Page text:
Monday, October 30, 2006

Blogreader Spotlight

(I have a lot of blogs on my reader!) The next blog on the list is Anne's Food. I believe I discovered this blog because of my interest in all things Scandinavian (exploring my roots, etc). Anne is based in Stockholm and shares, in English, recipes, stories and reviews as well as pictures of her beautiful cats.

This past weekend, I attended the Parade of Lost Souls here in Vancouver. What a surreal experience; if you are interested in seeing some of it, just click on my flickr badge ~ I maxed out my free account, s I may take some of the pictures down at some point.

Saturday, October 28, 2006

Chicken with Roasted Sweet Potato Sauce

I have no idea how I stumbled across this on The Pearl Onion ~ I must have been doing a search for chicken recipes. And I am so glad I did; this is one of the most versatile sauces I have ever made!

I made a few changes to get the flavour I wanted last night, the sauce lends itself well to endless variations. I could picture this as a vegetarian gravy, a sauce for pork and so on. Here is my take on it.


* Veg oil or clarified butter
* 2 boneless chicken breasts, skin on, wing joint on ( a cut called supreme scroll down to read descrip)
* Coarse salt and pepper

1. Heat oven to 400 degrees.
2. Place an oven safe fry pan over medium high heat and lightly coat the bottom with olive oil. Add chicken breasts to the pan, skin side down, and cook for 5-6 minutes until skin is lightly browned.
3. Flip chicken breasts over and move pan to oven. Cook chicken breasts through until juices run clear when pierced or youa re reasonably sure they are cooked. (My chicken breasts were normal size, free range. They were cooked in 15 minutes. My now expert touch determined they were done ~ I have cooked a million chicken breasts at Culinary Capers)

Roasted Sweet Potato Sauce

* 1 lb Sweet potato, skinned and cut into manageable pieces
* Olive oil for coating
* 1 tsp Thyme
* 2% milk (measurement will vary)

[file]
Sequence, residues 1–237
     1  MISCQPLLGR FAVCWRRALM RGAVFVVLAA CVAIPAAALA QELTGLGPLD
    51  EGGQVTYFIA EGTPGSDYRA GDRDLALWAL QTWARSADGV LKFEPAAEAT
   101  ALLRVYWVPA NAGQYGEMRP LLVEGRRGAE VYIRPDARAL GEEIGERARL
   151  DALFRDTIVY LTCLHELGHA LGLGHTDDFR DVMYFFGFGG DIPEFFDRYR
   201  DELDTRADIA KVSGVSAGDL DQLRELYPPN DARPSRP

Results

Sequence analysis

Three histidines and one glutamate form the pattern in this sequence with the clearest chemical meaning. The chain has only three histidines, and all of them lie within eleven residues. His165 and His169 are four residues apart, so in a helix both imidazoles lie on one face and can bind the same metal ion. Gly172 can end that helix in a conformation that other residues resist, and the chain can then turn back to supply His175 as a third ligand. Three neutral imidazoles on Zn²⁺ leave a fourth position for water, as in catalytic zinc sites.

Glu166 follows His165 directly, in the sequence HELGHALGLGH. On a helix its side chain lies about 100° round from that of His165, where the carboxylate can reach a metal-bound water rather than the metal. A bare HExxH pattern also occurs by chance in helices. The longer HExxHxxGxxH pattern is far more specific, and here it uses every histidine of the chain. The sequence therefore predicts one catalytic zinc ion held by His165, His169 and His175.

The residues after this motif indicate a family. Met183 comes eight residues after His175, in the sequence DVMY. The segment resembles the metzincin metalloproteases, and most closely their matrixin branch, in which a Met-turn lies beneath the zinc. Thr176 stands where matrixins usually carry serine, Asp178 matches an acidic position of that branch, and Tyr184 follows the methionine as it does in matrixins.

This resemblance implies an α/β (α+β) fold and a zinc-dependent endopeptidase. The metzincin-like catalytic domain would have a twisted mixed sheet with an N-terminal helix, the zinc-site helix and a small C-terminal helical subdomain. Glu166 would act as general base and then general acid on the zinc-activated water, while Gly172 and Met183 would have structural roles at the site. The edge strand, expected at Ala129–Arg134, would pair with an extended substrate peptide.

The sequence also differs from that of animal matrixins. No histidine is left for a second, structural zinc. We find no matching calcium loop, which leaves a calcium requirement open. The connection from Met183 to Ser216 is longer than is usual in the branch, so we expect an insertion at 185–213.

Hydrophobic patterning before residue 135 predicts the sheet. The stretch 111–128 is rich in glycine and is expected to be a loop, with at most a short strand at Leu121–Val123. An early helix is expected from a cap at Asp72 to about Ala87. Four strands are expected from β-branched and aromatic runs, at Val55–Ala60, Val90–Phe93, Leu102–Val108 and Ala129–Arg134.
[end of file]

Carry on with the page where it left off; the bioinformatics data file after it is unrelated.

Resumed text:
* ¼ tsp Freshly grated nutmeg
* Salt and pepper to taste
* 1 teaspoon adobo sauce
* 1/4 cup white wine
* 2 tbsp lemon juice

1. Heat oven to 400 degrees.
2. Toss sweet potatoes with olive oil to coat, salt and pepper.
3. Roast potatoes until cooked through and a lovely brown on the outside.
4. Place cooked potatoes in the food processor with all the ingredients except milk. Gradually add milk (I also used a bit of water) until potatoes reach desired consistency.
7. Pour sauce into a small sauce pan over medium low heat. Stirring frequently, heat sauce thoroughly. Taste for seasoning.
Serve with food of choice...

Thank you Kristin, for the brilliant recipe!

Friday, October 27, 2006

Halloween Weekend Cat Blogging (#73)

Happy Halloween weekend to those who take part... I'm hoping to see a few costumes this weekend. Feel free to leave your links in the comment section. I had to work unexpectedly, so I will update links tonight.

Bonnie Loves Cats gets things started with some Halloween Cats looking for homes.
Chris Dolley manages to catch an action shot of the Kinky Tribble
Sam gets in touch with his inner frog at stillpoint.
The McKittens have at least ONE of their humans well trained at Music and Cats.
Mimi enjoying the scent of garlic at Restaurant Widow....Maybe trying to keep those halloween Vampires at bay?
Tiggy suspects an imposter in his home...but only for a moment or two.